Late afternoon, we spot the Joshua’s Rock sign and turn down the gravel road. It feels like we’ve entered another world, a world my mother knows intimately. As we pass the one-room Mountainside Library, the old clay tennis court now covered with grass, the lumbering, grey Homestead, my shoulders begin to loosen. Just ahead are the old stone houses built by my great-great-grandfather, Edward Eggleston, who was a well-known writer and historian in his time. Mellowstone was his library and the Owl’s Nest, which my mother now owns, was his home.
I roll down the window to inhale the scent of the lake. This place was the one constant in my childhood. My family spent summer vacations here every year, even after we moved to Panama. After the long drive north or the plane flight to Albany, we’d arrive at Mellowstone, and my grandmother would emerge from the summer kitchen singing.
My mother studies the weathered covered way that connects the two houses. Her face is a blend of wonder and something I can’t quite name. She must have her own layered memories.
Mom and I instinctively head to the lake, leaving my father to begin unpacking. The sky is a deep blue and, although the leaves are past their peak here, a few remaining ones are so vivid I catch my breath.
Inhaling deeply, my mother takes in the beauty of the scene. A glowing horizon of undulating mountains borders the water. She begins reciting the words to one of her favorite psalms: I will lift up mine eyes to the hills, from whence cometh my help. A strong breeze ruffles the water in the bay and I picture my mother, hand on the rudder, as she tacked the Sunfish across blue waves. Time shifts and folds back on itself here at the lake.
The next morning, I wake to the sound of steady rain. The Owl’s Nest shudders when the furnace clicks on. There are no heat ducts in the upstairs bedrooms. I wonder how my great-great-grandfather could stand sleeping here during New York winters when there were only fireplaces.
Before lunch, Mom’s younger brother Uncle Odd stops in. His jeans and flannel shirt are damp and his hair looks wet. A psychiatrist by trade, Uncle Odd was always stern and serious compared to Uncle Bud. The name Odd came about, according to my mother, when Bud had trouble pronouncing Edward. Odd stuck and somehow it fit.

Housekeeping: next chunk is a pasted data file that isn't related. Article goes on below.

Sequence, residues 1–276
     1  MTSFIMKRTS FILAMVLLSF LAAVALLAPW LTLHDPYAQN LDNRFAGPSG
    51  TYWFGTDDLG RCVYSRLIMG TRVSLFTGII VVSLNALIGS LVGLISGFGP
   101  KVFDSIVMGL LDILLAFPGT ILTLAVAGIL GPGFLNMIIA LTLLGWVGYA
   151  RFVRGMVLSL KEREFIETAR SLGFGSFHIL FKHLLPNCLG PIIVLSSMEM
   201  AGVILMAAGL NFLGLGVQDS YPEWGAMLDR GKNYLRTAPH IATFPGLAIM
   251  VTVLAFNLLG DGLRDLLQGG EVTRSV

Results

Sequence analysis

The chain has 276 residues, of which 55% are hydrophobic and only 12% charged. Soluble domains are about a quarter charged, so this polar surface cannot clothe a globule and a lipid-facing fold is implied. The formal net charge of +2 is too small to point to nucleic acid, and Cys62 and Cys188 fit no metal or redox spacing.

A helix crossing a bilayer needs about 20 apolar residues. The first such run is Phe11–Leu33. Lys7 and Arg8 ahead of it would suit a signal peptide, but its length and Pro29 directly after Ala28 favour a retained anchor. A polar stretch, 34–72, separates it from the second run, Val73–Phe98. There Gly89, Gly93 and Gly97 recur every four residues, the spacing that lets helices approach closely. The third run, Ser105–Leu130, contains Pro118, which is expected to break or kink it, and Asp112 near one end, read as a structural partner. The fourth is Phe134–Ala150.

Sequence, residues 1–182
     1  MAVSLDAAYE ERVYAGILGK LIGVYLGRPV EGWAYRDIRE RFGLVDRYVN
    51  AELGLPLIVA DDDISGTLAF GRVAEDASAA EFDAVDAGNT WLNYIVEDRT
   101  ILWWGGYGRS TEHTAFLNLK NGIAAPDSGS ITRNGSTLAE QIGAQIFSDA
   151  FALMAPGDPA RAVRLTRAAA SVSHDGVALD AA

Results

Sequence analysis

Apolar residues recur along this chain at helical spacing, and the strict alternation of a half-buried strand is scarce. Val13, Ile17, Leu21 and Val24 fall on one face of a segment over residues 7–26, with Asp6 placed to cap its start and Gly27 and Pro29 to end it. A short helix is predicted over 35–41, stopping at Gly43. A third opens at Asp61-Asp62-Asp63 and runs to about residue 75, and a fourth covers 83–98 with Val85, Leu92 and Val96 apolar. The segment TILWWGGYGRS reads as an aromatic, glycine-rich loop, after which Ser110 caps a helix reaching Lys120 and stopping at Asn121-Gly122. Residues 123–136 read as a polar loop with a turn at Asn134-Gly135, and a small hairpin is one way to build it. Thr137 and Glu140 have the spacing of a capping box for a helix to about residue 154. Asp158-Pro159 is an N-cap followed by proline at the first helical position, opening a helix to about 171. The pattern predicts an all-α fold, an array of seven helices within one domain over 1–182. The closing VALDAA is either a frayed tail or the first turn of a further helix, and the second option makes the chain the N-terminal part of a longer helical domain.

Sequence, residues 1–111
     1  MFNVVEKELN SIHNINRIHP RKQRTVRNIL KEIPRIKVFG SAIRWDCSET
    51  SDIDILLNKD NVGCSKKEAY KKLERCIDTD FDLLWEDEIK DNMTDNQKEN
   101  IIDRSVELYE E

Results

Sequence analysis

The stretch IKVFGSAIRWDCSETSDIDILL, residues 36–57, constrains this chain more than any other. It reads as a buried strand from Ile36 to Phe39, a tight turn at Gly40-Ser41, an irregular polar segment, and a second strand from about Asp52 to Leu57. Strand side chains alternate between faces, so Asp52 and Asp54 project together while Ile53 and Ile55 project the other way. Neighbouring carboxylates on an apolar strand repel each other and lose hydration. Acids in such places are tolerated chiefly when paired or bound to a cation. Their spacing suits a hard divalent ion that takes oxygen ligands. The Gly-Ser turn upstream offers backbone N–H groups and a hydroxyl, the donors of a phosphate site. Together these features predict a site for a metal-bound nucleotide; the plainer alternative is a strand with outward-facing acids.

“How many paper plates are there?” my uncle asks, oblivious to the tracks of mud and bits of grass he has left on the floor behind him.
Mom looks at me to answer. “We have two packs of twenty-five each,” I say.
“Don’t you think that will be enough?” Mom asks as Odd runs his fingers through the patch of grey hair on his chin. A droplet of water trembles at the tip of his nose. We don’t know exactly how many people will come, but counting our family and a few close friends, and with the service so far from Uncle Bud’s home and it being so late in the season, I expect no more than thirty.
“There’ll be at least fifty people here.” Uncle Odd’s tone is gruff. “My brother knew a lot of people around the lake.”
I feel a flash of irritation. We’re talking about paper plates, not Bud’s reputation. I wish he’d lighten up, reach out and touch Mom’s shoulder, make a joke about how our family wears tennis shoes and jeans to funerals, the way Uncle Bud would have done.
Instead, Uncle Odd slaps the counter. “I’m going to buy more plates. I want to be sure we have enough.” He turns sharply and heads for the door.
“We can always use these china ones.” My mother’s voice fades as she realizes her younger brother is gone.
At 2 p.m., two hours before the service, the sun breaks between the clouds and the weather starts to clear. The ground is saturated, but will be passable for the slow trek down the hill to the family cemetery.
At 3 p.m., Mom realizes she is out of mousse. The service is in an hour. I want to tell her that her hair looks fine, that no one will notice whether she’s moussed or not, that she’s being ridiculous. But even more, I want to help her with this small need.
We make it back to Mellowstone just before four. Like a sentinel, Uncle Odd stands near the old tennis court, ready to direct traffic, in case those fifty people show. Only half a dozen cars pull up. Doors open and cousins, carrying large platters of food, step carefully into the long grass.
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